HUDSON, TX (KTRE) - Brown leaves, frail branches, and gaps where trees once stood all indicate the need to replant in East Texas.
"We want to keep our forest here, and replanting is a good way to get a jump start on that," said Forest Health Specialist of the Texas Forest Service, Joe Pase.
The Pineywoods will re-forest itself naturally, but if everyone pitches in the timeframe will be cut in half. Foresters say you don't have to look very hard or very far to see holes in the landscape from where trees once stood, prior to the drought and wildfires.
"We saw so many old beautiful oak trees die," said Timber Country Real Estate broker Michael Sessions.
Curb appeal and tree cover is important to Sessions' business. He says a lush yard is the first thing people notice. That's why his company is giving away more than a thousand seedlings this weekend.
"We just wanted to do something to just kind of help replace some of the trees that have been lost due to the drought and the wildfires," said Sessions.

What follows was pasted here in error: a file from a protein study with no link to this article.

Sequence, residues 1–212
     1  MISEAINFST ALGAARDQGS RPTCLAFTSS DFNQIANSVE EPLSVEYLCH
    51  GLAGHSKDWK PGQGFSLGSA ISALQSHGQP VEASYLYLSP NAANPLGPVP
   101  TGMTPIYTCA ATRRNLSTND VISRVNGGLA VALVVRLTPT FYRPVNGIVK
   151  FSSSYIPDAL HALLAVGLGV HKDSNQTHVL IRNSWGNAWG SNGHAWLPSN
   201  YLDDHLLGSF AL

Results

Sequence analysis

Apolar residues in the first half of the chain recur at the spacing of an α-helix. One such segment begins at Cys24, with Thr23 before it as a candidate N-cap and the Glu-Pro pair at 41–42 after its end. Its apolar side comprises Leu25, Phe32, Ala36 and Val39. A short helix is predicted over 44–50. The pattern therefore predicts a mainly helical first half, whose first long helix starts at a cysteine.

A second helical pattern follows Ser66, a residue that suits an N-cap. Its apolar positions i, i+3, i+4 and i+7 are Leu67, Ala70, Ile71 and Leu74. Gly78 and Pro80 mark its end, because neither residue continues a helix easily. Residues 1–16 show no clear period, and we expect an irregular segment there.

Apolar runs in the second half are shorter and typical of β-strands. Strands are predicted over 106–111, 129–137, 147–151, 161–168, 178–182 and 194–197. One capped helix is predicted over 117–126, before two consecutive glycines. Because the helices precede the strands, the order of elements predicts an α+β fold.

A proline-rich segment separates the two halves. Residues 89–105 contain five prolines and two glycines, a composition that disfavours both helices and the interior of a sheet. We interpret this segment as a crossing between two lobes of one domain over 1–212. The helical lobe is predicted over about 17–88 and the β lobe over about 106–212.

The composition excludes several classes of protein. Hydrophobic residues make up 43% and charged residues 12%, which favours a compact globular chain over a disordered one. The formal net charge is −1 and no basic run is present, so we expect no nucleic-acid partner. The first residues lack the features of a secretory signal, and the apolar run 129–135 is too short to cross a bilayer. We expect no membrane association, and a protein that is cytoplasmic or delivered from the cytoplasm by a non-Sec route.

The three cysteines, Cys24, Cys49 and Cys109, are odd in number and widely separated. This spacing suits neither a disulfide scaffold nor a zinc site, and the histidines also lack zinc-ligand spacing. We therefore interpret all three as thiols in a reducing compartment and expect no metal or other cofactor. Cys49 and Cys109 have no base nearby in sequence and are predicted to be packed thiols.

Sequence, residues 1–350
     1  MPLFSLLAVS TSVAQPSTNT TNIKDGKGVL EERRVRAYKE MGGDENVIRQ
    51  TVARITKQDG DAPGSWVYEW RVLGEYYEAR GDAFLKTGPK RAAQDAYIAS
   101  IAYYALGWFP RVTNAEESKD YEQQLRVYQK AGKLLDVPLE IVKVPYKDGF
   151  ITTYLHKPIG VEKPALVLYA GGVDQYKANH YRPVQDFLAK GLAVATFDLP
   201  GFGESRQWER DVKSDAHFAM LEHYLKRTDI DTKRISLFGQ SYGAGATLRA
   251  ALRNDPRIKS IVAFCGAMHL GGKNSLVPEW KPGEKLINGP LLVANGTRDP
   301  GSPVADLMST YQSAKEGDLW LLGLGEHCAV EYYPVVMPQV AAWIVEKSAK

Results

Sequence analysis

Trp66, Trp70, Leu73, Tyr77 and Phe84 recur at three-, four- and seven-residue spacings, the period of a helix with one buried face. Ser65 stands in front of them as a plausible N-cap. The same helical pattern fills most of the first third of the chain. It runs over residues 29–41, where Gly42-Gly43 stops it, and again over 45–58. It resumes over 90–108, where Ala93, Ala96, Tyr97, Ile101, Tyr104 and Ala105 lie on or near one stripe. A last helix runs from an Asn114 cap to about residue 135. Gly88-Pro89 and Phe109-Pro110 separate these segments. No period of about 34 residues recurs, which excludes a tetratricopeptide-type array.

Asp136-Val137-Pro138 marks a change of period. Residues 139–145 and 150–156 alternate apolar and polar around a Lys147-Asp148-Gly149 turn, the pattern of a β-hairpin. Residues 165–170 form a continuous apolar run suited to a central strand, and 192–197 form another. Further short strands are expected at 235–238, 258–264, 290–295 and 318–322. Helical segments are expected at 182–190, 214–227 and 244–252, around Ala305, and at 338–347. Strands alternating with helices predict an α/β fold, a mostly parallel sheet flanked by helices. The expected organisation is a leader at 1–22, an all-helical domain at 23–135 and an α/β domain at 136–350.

The Texas Forest Service is glad to have the extra help in repairing the environment.
"I think people in East Texas, even though we have lots of trees and we sometimes take them for granted, I think people are still aware that trees are important. And, we can always plant more," said Pase.
While you can't travel far without noticing dead trees, Pase says the best place to start is your own yard.
"Individual trees on individual properties and pockets of trees that died, those will be good to replant," said Pase.
It will take years for the trees to mature, but the seedlings will begin to make a difference immediately.